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Title: Increasing valence pushes DNA nanostar networks to the isostatic point

The classic picture of soft material mechanics is that of rubber elasticity, in which material modulus is related to the entropic elasticity of flexible polymeric linkers. The rubber model, however, largely ignores the role of valence (i.e., the number of network chains emanating from a junction). Recent work predicts that valence, and particularly the Maxwell isostatic point, plays a key role in determining the mechanics of semiflexible polymer networks. Here, we report a series of experiments confirming the prominent role of valence in determining the mechanics of a model system. The system is based on DNA nanostars (DNAns): multiarmed, self-assembled nanostructures that form thermoreversible equilibrium gels through base pair-controlled cross-linking. We measure the linear and nonlinear elastic properties of these gels as a function of DNAns arm number, f, and concentration [DNAns]. We find that, as f increases from three to six, the gel’s high-frequency plateau modulus strongly increases, and its dependence on [DNAns] transitions from nonlinear to linear. Additionally, higher-valence gels exhibit less strain hardening, indicating that they have less configurational freedom. Minimal strain hardening and linear dependence of shear modulus on concentration at high f are consistent with predictions for isostatic systems. Evident strain hardening and nonlinear concentration dependence of shear modulus suggest that the low-f networks are subisostatic and have a transient, potentially fractal percolated structure. Overall, our observations indicate that network elasticity is sensitive both to entropic elasticity of network chains and to junction valence, with an apparent isostatic point5<fc6in agreement with the Maxwell prediction.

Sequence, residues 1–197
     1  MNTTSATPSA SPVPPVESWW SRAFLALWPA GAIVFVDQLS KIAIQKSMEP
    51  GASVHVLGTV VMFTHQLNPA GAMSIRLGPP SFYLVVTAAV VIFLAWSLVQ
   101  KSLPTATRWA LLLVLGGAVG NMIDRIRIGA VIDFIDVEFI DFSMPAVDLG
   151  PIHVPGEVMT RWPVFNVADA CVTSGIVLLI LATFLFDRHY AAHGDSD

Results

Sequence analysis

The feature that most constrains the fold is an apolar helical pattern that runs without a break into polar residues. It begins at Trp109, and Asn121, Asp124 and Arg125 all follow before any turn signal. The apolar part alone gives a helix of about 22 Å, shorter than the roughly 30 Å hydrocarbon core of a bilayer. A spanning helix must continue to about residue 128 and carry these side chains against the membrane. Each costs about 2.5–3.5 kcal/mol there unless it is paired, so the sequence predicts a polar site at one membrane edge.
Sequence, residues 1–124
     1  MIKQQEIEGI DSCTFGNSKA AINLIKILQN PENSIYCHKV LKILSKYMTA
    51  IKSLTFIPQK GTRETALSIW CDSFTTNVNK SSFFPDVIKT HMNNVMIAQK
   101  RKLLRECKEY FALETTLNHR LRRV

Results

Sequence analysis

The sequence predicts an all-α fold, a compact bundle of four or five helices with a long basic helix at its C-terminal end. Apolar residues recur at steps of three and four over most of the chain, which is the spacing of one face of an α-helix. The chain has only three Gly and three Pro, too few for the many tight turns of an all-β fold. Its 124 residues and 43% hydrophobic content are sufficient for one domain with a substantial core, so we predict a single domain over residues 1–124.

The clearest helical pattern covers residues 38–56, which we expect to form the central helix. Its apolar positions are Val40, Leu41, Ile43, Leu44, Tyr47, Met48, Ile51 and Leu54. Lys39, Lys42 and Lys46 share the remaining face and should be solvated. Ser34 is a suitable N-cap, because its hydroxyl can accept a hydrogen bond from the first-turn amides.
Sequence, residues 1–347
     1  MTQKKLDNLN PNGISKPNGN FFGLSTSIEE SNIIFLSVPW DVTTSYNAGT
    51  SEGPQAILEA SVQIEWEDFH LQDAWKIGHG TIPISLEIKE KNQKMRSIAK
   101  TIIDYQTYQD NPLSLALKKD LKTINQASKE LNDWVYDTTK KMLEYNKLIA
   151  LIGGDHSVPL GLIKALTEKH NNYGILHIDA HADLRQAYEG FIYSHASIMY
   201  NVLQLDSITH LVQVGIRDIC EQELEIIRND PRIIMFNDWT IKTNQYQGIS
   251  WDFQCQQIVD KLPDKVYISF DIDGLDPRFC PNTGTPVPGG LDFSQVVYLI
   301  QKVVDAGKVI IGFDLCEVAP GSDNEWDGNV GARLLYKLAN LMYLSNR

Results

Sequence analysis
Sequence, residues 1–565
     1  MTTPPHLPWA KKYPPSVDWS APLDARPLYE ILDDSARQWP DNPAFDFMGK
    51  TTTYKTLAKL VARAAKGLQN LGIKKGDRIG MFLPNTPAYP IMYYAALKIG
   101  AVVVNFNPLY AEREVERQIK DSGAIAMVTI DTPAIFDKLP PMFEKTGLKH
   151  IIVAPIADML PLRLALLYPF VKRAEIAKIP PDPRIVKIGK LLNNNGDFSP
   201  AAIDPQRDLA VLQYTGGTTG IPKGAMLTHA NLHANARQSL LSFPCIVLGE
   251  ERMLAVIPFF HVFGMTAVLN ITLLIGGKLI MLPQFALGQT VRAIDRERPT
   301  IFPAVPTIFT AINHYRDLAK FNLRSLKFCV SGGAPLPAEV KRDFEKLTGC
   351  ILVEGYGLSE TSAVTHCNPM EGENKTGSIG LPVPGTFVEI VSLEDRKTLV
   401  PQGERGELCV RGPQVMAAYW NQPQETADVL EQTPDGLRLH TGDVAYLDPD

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Author(s) / Creator(s):
; ; ;
Publisher / Repository:
Proceedings of the National Academy of Sciences
Date Published:
Journal Name:
Proceedings of the National Academy of Sciences
Page Range / eLocation ID:
p. 7238-7243
Medium: X
Sponsoring Org:
National Science Foundation
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